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One could argue that Tolkien's Orcs were the first Dark Elves, given that they used to be elves, and all other traits apply (except maybe for the clans).


As reported by some users in the comments of this question, even if in Tolkien's Legendarium there is not a whole race of typical fantasy "Dark Elves", there are some single individual characters with particular traits, and some places, that could have served as inspirations for the later archetype as popularized in example by the AD&D's Drow. Eöl: He ...


AD&D's Drow race also draws heavily on Michael Moorcock's Elric of Melibone series. Elric, along with some of the other characters from the Melibonean mythos, were featured in the original edition of the Deities & Demigods rulebook.


The first example of the "dark elves" as a distinct dark-skinned, subterranean, evil sub-race of elves may actually be their appearance in Advanced Dungeons & Dragons. Prior to that, "dark elf" was largely just used as a synonym for evil creatures characteristic of Nordic/Germanic folklore; there was no particular distinction between the Döckálfar (...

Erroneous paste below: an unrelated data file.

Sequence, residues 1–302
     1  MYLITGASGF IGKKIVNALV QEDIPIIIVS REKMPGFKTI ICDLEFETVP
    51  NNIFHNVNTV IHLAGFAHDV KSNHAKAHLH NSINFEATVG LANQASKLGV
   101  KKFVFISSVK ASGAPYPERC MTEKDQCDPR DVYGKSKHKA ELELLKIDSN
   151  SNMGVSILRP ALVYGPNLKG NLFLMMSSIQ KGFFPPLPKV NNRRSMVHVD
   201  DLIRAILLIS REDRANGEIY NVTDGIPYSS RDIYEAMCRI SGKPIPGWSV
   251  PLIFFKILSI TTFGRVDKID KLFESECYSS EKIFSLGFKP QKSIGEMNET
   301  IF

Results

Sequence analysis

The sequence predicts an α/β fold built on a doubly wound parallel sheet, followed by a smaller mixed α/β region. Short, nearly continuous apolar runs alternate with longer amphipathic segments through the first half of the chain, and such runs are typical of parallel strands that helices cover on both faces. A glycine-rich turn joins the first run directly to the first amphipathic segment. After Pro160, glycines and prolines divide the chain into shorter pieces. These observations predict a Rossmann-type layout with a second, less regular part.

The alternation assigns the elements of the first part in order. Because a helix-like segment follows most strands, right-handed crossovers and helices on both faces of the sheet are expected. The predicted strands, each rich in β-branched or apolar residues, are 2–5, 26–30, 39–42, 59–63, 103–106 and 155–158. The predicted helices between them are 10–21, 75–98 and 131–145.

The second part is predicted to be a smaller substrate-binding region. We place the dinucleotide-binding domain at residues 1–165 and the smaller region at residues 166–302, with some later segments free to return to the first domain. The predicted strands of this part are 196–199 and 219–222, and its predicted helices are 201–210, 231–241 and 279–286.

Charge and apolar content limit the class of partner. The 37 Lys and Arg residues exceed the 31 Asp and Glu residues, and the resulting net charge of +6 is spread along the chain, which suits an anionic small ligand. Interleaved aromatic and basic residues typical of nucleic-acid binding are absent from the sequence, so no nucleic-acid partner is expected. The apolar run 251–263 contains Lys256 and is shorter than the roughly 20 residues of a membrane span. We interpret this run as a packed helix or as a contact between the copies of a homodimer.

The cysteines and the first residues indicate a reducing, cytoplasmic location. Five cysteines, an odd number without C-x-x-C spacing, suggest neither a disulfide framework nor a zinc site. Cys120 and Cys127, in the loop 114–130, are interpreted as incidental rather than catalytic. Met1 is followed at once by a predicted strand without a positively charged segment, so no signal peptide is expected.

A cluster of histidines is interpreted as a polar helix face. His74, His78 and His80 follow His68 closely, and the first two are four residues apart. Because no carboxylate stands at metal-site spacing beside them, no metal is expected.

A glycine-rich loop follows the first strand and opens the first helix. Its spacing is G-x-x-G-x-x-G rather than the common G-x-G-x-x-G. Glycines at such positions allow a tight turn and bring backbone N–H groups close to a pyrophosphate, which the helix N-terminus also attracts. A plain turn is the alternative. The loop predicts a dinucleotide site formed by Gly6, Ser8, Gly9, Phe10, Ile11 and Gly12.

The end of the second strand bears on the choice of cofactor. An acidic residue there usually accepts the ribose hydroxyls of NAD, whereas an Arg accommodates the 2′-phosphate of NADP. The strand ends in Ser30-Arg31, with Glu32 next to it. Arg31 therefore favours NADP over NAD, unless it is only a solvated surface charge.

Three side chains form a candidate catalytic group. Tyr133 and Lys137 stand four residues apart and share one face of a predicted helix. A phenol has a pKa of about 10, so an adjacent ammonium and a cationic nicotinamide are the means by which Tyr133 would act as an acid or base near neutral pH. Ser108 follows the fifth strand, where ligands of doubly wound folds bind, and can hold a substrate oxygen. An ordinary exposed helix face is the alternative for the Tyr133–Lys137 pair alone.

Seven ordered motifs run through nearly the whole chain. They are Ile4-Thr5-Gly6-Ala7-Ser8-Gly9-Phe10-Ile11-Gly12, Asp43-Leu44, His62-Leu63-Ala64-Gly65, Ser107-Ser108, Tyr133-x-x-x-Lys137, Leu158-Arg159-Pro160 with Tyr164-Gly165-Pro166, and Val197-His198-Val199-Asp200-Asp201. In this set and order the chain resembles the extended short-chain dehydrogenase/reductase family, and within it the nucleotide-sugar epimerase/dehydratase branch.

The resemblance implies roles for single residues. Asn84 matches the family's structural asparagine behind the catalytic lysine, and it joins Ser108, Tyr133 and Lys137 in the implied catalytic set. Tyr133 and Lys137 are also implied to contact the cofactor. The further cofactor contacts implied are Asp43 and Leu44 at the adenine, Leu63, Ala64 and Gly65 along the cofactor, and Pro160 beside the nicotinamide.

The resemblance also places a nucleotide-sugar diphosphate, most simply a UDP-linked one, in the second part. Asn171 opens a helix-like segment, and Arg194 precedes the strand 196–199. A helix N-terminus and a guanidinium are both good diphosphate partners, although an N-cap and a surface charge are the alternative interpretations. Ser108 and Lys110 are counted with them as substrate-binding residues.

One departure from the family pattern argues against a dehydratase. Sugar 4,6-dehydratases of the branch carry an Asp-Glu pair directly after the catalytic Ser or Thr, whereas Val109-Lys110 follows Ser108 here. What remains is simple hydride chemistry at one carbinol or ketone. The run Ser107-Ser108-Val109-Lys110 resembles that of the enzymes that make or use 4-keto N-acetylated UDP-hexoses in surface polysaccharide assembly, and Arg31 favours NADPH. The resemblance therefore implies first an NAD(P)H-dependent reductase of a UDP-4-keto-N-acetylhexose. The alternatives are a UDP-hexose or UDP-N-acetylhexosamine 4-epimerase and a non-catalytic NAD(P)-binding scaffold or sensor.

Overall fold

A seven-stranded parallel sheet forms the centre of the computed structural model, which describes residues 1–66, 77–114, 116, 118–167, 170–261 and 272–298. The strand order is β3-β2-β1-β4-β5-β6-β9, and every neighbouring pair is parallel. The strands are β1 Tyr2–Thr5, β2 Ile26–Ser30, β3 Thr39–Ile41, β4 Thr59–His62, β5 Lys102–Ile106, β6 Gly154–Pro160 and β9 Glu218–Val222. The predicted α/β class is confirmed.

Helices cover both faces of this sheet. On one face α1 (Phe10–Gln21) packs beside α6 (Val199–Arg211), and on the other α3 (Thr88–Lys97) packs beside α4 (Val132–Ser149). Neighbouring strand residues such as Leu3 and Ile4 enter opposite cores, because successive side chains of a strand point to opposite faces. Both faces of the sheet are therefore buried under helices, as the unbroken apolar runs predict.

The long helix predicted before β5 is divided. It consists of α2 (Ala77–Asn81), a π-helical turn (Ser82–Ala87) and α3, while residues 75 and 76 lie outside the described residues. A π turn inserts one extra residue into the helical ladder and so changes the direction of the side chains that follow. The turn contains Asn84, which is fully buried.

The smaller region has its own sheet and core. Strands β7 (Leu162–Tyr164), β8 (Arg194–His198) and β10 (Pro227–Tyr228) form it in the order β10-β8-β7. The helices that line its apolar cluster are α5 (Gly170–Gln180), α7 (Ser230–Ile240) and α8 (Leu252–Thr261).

The origin of the dark elf / light elf trope can be traced back as far as the 13th century, where Dökkálfar (dark elves)and Ljósálfar (light elves) are mentioned in the Prose (or Young) Edda by Snorri Sturluson. Here, the Ljósálfar are described as "fairer than the sun to look at", while the Dökkálfar are "blacker than pitch". It is unclear whether the ...

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